This past Sunday Occupy Chicago held a march in solidarity with Occupy Oakland after Oakland police fired various crowd-dispersal weapons at them and arrested hundreds. They marched in the evening through downtown. Like other Occupy groups, they had a person live streaming the action, Keilah [@OccupieChicago].
Keilah ran into harassment when the march was across the street from the Chicago Theatre. A police officer with the last name “Osbourne” came over and pinned Keilah down. She was unable to escape the officer as he took her cell phone that she had been using to stream the action and deleted the video she had been recording with her phone. The officer informed her that he had done this under the Illinois Eavesdropping Act and the march continued. She was also told she could have been charged with a Class 4 felony for recording the march.
The incident was captured on video. If you watch, you can see how ridiculous this law is because there were others streaming and recording police without their consent. This is the problem – innovation and the proliferation of technology means the law is largely impossible to enforce fairly during protests. That means arbitrary enforcement is inevitable, meaning police know someone captured footage they don’t want to see end up on YouTube and they use the law to crack down on someone.
The incident is one of many that have occurred in Illinois under the eavesdropping law, which has been in effect since the act was amended in 1994 to include all conversations recorded without consent. The incident shows how the eavesdropping law undercuts transparency and violates the civil liberties of people in Illinois. And, the incident suggests a key problem lies ahead for the Occupy movement when it comes to Chicago in May to “occupy” the city during the NATO/G8 meetings.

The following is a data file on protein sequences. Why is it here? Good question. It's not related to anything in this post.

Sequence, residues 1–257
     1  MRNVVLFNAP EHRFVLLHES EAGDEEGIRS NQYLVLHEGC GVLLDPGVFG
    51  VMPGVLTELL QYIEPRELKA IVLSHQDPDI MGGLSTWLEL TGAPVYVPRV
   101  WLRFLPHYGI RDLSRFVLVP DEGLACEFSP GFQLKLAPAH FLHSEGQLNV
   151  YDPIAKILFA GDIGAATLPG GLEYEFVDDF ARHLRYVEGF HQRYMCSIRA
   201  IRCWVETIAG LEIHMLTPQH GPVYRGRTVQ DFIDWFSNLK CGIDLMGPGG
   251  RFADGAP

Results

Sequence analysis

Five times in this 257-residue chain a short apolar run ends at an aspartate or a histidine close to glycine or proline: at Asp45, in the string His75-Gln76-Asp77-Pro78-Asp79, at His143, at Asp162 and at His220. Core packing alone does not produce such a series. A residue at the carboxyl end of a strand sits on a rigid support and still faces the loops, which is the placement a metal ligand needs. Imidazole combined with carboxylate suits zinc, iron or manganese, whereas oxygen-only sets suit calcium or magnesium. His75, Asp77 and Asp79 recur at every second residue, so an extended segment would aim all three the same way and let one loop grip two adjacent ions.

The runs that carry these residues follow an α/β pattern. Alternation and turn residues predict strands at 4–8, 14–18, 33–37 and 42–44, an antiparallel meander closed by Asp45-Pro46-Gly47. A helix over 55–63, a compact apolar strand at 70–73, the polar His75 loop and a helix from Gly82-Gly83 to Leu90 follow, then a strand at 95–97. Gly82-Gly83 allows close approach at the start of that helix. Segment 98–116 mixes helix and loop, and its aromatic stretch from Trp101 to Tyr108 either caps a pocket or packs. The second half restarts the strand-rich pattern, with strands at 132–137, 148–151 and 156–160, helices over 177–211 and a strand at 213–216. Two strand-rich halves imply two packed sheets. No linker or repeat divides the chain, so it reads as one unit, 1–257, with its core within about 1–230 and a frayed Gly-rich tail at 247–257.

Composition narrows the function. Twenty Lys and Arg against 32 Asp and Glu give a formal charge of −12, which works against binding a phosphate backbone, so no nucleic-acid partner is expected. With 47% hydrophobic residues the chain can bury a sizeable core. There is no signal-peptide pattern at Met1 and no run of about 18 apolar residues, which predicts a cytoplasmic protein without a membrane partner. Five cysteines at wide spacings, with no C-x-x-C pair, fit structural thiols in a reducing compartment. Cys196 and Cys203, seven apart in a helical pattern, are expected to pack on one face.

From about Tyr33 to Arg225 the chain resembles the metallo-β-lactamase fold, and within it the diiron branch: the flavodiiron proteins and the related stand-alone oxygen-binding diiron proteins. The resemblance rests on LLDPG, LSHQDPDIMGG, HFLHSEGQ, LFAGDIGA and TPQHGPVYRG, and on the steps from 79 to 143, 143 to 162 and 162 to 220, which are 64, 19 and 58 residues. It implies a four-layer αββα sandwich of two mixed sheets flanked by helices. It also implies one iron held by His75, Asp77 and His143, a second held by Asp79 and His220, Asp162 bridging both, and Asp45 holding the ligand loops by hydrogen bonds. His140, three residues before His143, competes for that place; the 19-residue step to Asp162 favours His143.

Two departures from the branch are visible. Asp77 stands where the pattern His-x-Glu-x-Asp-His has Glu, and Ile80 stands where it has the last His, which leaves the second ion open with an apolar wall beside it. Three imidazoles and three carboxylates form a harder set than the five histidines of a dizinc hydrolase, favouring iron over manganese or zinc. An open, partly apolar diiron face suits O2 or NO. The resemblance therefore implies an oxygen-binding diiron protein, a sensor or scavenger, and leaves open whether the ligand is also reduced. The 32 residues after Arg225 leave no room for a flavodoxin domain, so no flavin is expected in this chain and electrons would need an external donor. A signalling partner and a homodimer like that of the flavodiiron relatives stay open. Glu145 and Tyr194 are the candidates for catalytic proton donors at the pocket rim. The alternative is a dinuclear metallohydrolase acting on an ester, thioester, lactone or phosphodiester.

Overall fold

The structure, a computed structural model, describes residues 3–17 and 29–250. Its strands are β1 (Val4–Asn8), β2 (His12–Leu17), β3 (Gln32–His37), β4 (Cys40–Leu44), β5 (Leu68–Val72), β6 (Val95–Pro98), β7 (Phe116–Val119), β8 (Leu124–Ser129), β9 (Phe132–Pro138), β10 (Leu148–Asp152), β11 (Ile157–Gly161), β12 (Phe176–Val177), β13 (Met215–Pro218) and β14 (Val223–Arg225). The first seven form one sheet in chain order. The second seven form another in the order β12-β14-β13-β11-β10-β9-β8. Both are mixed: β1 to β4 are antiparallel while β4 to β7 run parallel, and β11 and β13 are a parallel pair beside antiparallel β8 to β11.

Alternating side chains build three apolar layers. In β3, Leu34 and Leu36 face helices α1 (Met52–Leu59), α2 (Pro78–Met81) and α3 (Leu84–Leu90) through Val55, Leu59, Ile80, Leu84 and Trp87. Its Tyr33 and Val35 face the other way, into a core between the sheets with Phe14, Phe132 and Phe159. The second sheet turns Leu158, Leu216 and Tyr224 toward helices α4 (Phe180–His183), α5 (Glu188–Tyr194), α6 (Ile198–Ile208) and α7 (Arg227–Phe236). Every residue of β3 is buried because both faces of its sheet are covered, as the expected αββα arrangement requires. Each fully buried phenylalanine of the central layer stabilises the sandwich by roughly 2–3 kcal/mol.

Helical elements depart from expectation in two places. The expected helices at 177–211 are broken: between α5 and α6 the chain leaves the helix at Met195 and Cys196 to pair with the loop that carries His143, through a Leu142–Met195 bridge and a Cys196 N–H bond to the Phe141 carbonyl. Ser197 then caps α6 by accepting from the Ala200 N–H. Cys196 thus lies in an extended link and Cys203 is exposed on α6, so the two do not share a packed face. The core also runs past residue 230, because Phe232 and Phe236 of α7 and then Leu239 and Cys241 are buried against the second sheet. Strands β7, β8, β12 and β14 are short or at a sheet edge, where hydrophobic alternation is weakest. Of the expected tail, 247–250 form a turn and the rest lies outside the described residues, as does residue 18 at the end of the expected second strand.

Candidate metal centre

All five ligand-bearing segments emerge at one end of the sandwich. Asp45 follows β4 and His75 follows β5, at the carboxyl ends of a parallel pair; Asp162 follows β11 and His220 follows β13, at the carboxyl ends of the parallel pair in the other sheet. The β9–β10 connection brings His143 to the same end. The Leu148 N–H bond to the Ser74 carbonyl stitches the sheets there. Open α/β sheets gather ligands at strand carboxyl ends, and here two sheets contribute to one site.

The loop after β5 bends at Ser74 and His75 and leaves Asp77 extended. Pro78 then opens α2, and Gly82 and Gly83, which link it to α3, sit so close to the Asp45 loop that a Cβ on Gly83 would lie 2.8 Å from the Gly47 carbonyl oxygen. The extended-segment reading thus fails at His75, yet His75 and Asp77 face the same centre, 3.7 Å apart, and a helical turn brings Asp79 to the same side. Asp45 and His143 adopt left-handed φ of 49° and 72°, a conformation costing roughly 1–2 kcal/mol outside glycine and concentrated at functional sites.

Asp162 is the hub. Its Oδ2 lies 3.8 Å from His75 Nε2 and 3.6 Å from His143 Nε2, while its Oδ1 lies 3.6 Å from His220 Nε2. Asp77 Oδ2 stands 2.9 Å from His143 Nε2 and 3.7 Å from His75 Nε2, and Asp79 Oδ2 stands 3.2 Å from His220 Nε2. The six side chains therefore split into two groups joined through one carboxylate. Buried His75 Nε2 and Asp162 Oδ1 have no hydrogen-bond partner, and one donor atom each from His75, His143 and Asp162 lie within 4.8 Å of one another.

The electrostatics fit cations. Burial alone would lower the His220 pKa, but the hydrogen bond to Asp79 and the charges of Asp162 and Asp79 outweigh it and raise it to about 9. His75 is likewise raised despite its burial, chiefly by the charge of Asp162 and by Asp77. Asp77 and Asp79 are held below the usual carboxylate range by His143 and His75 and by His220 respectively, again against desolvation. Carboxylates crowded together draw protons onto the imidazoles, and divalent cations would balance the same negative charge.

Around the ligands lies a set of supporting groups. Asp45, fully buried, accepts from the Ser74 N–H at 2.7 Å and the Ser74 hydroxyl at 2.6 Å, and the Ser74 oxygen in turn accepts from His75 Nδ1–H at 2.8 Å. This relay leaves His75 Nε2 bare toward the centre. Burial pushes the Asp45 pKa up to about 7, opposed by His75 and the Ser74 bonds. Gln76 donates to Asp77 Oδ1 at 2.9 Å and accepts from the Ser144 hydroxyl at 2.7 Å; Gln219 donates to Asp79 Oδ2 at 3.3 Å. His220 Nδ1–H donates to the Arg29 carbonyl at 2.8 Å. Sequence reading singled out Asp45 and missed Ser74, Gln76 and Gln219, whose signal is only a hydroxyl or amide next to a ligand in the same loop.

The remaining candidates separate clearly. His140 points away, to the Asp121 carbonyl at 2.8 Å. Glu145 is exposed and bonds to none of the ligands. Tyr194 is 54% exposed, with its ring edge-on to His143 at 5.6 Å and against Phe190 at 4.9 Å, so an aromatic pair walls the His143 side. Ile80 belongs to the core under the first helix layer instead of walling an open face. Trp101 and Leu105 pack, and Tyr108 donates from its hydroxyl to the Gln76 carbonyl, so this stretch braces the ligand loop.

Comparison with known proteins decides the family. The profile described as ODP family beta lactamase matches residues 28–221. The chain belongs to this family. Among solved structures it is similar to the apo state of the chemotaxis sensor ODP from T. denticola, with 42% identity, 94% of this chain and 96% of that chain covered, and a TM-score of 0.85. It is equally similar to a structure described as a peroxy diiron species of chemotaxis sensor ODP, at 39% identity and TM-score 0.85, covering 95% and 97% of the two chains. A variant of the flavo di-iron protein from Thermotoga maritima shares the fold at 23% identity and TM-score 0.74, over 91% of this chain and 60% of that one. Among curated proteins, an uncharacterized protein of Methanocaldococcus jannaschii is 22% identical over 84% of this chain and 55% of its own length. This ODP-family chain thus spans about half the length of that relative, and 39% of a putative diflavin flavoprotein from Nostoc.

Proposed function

Will people of the world be able to view audio and video from the scene or will police be confiscating, deleting or seizing recordings of the protest because they are present? Or, worse, will police be arresting people and charging them with felonies for recording police as they engage in “crowd control” and inevitably maneuver to disperse or make arrests of protesters?
Currently, as Jacob Sullum wrote in a post for Reason last year, the eavesdropping act “allows police officers to make audio recordings of their encounters with citizens but forbids citizens to do the same without permission. Recording police, prosecutors or judges is a Class 1 felony with a maximum sentence of 15 years, while recording anyone else is a Class 4 felony with a maximum sentence of three years.” [This means one can stream video without audio but cannot stream both, especially if police are in the frame.]
There is an exemption, however. If someone has reason to believe a crime might be committed, a person in Illinois is permitted to record without the other’s consent. The exemption is why Tiawanda Moore was acquitted last year after she was charged with “using her BlackBerry to secretly record two Chicago Police investigators in 2010.”
The Sun-Times wrote in an editorial calling on Illinois to reform the eavesdropping law: “By taping the officers, Moore ran afoul of the Illinois Eavesdropping Act , which prohibits the recording of private or public conversations without the consent of all parties. “ Moore believed the investigators would coax her into not going forward with a “sexual harassment complaint against a different officer.” She thought this might entail something illegal and so she was found to be within her right to record the meeting without the consent of the investigators.